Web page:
It was St. Irenaeus who first makes explicit the identification of ?the gods? with those who have been incorporated into Christ by baptism.
I'd welcome any comments and discussion.
In the End, the Beginning? - Rick Henry - 20-08-2008
I just want to thank you publicly for this thread. It is a blessing to me personally. I can't help but to think that these contributions do fill a' void' for others as they do for me. I don't know how it is in the BOC, but as I shared earlier, it seems as far as theosis is concerned from the pulpit in my experience . . . mums the word! Though the voices of the church fathers we are seeing clearly here what is said and taught within Orthodoxy about theosis. Sometimes I wonder if Christian Education is still alive within Orthodoxy. Sometimes I wonder if there is such a thing within Orthodoxy today as an Orthodox pedagogy namely on the part of the priests. Especially regarding theosis . . . one might think that there is a code of silence on this doctrine? The word 'pedagogy' comes from an ancient Greek word which means literally "to lead the child," sometimes it seems the shepherds and the fathers of today are too busy with festivals and fund raising to preach the Word. Yes, the kerygma of Paul as you have written above . . . I wonder what Paul would say about this today. Knowing how he spent his life/time and of his instructions to Timothy, it is not hard to imagine what he would say.
And, it occurs to me that while my background for contributing to this thread from a strictly patristic framework is very limited, this could be a perfect opportunity for the priests of the BOC to join in and offer some enlightenment on the teaching of the Church on theosis in this very worthwhile effort. And, John, especially, as you wrote in the close of your last post:
Quote:But the problem with Clement's view is that it is hard to see how the ordinary Christian can attain this state. For that, we need to turn to that most brilliant of the early Fathers, Origen.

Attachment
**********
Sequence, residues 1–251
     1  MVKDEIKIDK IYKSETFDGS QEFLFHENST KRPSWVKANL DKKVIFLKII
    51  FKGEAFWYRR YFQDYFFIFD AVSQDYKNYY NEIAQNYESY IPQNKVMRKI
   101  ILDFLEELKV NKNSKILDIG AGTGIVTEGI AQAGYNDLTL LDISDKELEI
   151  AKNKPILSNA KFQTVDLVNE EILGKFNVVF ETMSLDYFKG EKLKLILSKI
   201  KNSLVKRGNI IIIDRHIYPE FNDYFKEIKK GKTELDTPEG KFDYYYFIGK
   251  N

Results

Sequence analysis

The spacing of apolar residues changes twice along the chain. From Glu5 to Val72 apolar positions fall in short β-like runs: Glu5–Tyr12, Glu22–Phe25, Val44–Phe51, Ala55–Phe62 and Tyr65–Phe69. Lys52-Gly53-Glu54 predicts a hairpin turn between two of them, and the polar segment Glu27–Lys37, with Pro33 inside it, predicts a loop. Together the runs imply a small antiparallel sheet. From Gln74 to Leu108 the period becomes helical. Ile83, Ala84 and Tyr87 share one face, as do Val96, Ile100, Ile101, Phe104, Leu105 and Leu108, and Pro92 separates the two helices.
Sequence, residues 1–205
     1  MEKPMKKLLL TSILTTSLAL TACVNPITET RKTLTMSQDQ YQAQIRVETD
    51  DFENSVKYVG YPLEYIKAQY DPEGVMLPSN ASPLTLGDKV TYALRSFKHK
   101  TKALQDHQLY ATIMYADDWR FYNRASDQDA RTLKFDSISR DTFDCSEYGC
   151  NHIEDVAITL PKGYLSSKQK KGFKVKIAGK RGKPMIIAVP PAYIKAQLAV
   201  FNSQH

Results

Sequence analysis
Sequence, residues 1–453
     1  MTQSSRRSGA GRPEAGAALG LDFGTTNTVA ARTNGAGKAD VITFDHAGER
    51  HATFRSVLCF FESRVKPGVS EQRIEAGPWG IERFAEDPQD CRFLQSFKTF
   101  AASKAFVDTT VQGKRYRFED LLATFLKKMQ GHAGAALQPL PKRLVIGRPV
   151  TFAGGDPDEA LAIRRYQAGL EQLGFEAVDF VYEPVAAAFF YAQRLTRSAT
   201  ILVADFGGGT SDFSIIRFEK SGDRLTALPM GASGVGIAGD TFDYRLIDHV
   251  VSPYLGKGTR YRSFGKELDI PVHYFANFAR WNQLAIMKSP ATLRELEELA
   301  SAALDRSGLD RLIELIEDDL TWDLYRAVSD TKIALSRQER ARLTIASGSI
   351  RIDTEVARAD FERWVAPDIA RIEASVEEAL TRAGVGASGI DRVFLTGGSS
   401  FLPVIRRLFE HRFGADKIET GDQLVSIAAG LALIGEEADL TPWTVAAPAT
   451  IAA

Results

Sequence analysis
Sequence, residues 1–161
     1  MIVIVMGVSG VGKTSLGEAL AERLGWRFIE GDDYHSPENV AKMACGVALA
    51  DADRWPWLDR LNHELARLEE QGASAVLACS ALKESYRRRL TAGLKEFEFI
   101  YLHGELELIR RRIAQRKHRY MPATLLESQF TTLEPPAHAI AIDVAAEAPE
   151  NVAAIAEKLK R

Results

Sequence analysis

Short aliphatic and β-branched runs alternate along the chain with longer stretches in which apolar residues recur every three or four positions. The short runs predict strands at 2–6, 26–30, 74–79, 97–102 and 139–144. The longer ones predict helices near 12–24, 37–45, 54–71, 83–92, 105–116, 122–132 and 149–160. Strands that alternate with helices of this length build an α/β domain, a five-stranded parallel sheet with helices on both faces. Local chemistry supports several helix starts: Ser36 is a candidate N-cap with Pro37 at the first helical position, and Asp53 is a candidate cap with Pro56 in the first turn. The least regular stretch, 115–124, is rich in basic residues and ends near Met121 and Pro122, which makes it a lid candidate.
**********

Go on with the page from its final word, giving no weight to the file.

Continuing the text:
there is one word that stands out as if in bold faced type to me when I read this. "How."
I am anxious to read Origen on this.
You see, theosis is taught in many other faith traditions and denominations, although it is not called theosis. And, believe it or not, it is expressed with more 'clarity' and more beautifully by those who have experienced it in other traditions/denominations than by any Orthodox writer that I have encountered. But, when it comes to the "How" these same writers of other traditions/denominations are completely mute--not even any hand gestures or grunting. So at the end of the day, what do you have but a travel brochure to a place with no directions how to get there. One has a carrot on a stick to chase for the rest of one's life . . . thanks but no thanks.
And, this is one huge reason why I was attracted to Orthodoxy initially. Because, in Orthodoxy, especially in the monastic writings the "How" is all spelled out. Boom-Boom-Boom! In my reading it is abundantly clear that the soul must go through three identifiable and distinct stages. This is the teaching of the Church, this is what we are to be obedient to as it is part of the Holy Tradition of the Orthodox Church. These three stages are:
1.) Catharsis (purification)
2.) Fotisis (enlightenment)
3.) Theosis (union with God)
On these "The Church" teaches that the last two stages are impossible to attain without having the soul first pass through the fires of catharsis from egotistical passions.
Isn't that great!/? There it is. There's the "How" of theosis right? Purificatiion, then enlightenment, and then one is positioned for theosis by the Grace of God, if He wills IT.
And, this is why I am so glad you are providing information here on the teaching of the church fathers about theosis . . .
Because, and here's the rub on this . . . within Orthodoxy today as the above three-fold way of Christianity is taught . . . examples are given to show that IT doesn't always work this way. It is explained that IT comes about for different souls in different ways. IT is explained as not being wrapped up in any nice neat tight package or system/formula. Past and present examples are given of some who just found themselves within a state of theosis with no struggling or even any strong desire. Examples are given of others who seemed to receive enlightenment and then went on to theosis from there (again without any focused attempts toward purification). Other examples are given of some who struggled for purification and then went through mini-cycles of mini-enlightenments and mini-experiences with theosis that were more of a moment-by-moment thing. But, as we consider the teaching of Orthodoxy today (when you read contemporary Orthodox writing theologians or press clergy and others who seem to be in a position to answer) you find out THERE IS NO ONE WAY.